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I had always thought that instead of the current East Side Access plan soon to be completed, via the new 63rd Street Tunnel, they should have built a junction with the old East River Tunnels, accessible from both directions to a new line under Madison Avenue up to Grand Central, with a connection to the existing MN tracks.... Think of all the possibilities that would have allowed....
 

Palmetto

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I like that idea, but isn't digging under Manhattan a pain in the you-know-where with all the utility pipes and cables?
 

joelkfla

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I had always thought that instead of the current East Side Access plan soon to be completed, via the new 63rd Street Tunnel, they should have built a junction with the old East River Tunnels, accessible from both directions to a new line under Madison Avenue up to Grand Central, with a connection to the existing MN tracks.... Think of all the possibilities that would have allowed....
But no increase in capacity under the river.
 

PVD

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Well, the 63rd st tunnel isn't new, construction started in 1969. The original concept was a new East Side Terminal, link to the full 2nd Ave Subway. That concept was abandoned years ago, the tunnel was there but not used until the subway was connected, and the LIRR deck is still pending ESA.
 

John Bobinyec

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I had always thought that instead of the current East Side Access plan soon to be completed, via the new 63rd Street Tunnel, they should have built a junction with the old East River Tunnels, accessible from both directions to a new line under Madison Avenue up to Grand Central, with a connection to the existing MN tracks.... Think of all the possibilities that would have allowed....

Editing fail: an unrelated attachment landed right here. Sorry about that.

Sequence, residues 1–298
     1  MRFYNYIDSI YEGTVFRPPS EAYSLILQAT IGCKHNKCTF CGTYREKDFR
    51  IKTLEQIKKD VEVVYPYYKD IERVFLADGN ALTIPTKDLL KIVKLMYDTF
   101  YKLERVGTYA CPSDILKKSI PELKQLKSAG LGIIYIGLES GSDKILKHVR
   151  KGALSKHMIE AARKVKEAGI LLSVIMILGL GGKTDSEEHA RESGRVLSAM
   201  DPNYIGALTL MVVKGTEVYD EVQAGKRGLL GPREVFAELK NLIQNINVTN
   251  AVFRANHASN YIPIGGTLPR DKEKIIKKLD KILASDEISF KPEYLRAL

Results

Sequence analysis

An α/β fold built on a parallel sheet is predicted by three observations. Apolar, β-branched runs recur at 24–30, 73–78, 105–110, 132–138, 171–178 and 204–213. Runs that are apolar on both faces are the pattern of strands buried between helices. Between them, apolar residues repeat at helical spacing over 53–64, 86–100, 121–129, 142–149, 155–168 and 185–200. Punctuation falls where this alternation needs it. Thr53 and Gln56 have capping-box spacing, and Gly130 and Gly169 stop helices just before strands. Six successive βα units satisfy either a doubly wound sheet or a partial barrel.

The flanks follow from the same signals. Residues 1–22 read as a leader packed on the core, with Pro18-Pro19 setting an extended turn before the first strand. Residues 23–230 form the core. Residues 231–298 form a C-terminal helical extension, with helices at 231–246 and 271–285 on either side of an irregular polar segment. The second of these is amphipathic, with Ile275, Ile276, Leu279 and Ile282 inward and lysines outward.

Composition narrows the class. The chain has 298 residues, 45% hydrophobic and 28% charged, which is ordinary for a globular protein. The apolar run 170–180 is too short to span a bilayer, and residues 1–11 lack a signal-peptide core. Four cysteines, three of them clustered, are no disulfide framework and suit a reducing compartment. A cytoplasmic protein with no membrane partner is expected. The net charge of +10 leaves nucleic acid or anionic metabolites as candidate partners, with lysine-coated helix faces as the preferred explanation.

I've been told that the Lexington Avenue subway line was in the way, so they didn't do that.

jb
 

jis

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I've been told that the Lexington Avenue subway line was in the way, so they didn't do that.

jb
There are two things getting confounded...

1. There was the ARC Alternative G, which was to build a new pair of tunnels to connect the low number tracks of Penn Station into the lower level of Grand Central Terminal. This was considered to be prohibitively expensive and required moving at least one of the tunnels of the Lexington Avenue Subway. MTA kiboshed it saying "no way, no how". Additional problem was that now one had thought through the traffic flow issue if you inserted a pile of trains from Penn station into the already messy situation at Grand Central.

2. What @railner is proposing is different, and I am almost certain is not buildable without rebuilding the East River tunnels themselves on a different alignment. And that has less than zero chance of being taken seriously by anyone. And again, no one has thought through the traffic flow issues that ensue. It is almost certain that MTA will kibosh this idea on traffic flow issues even if people could come up with the $10 billion or something like that needed to build it after disrupting eastbound traffic, including access to Sunnyside Yard from Penn Station for years, while the tunnels are realigned.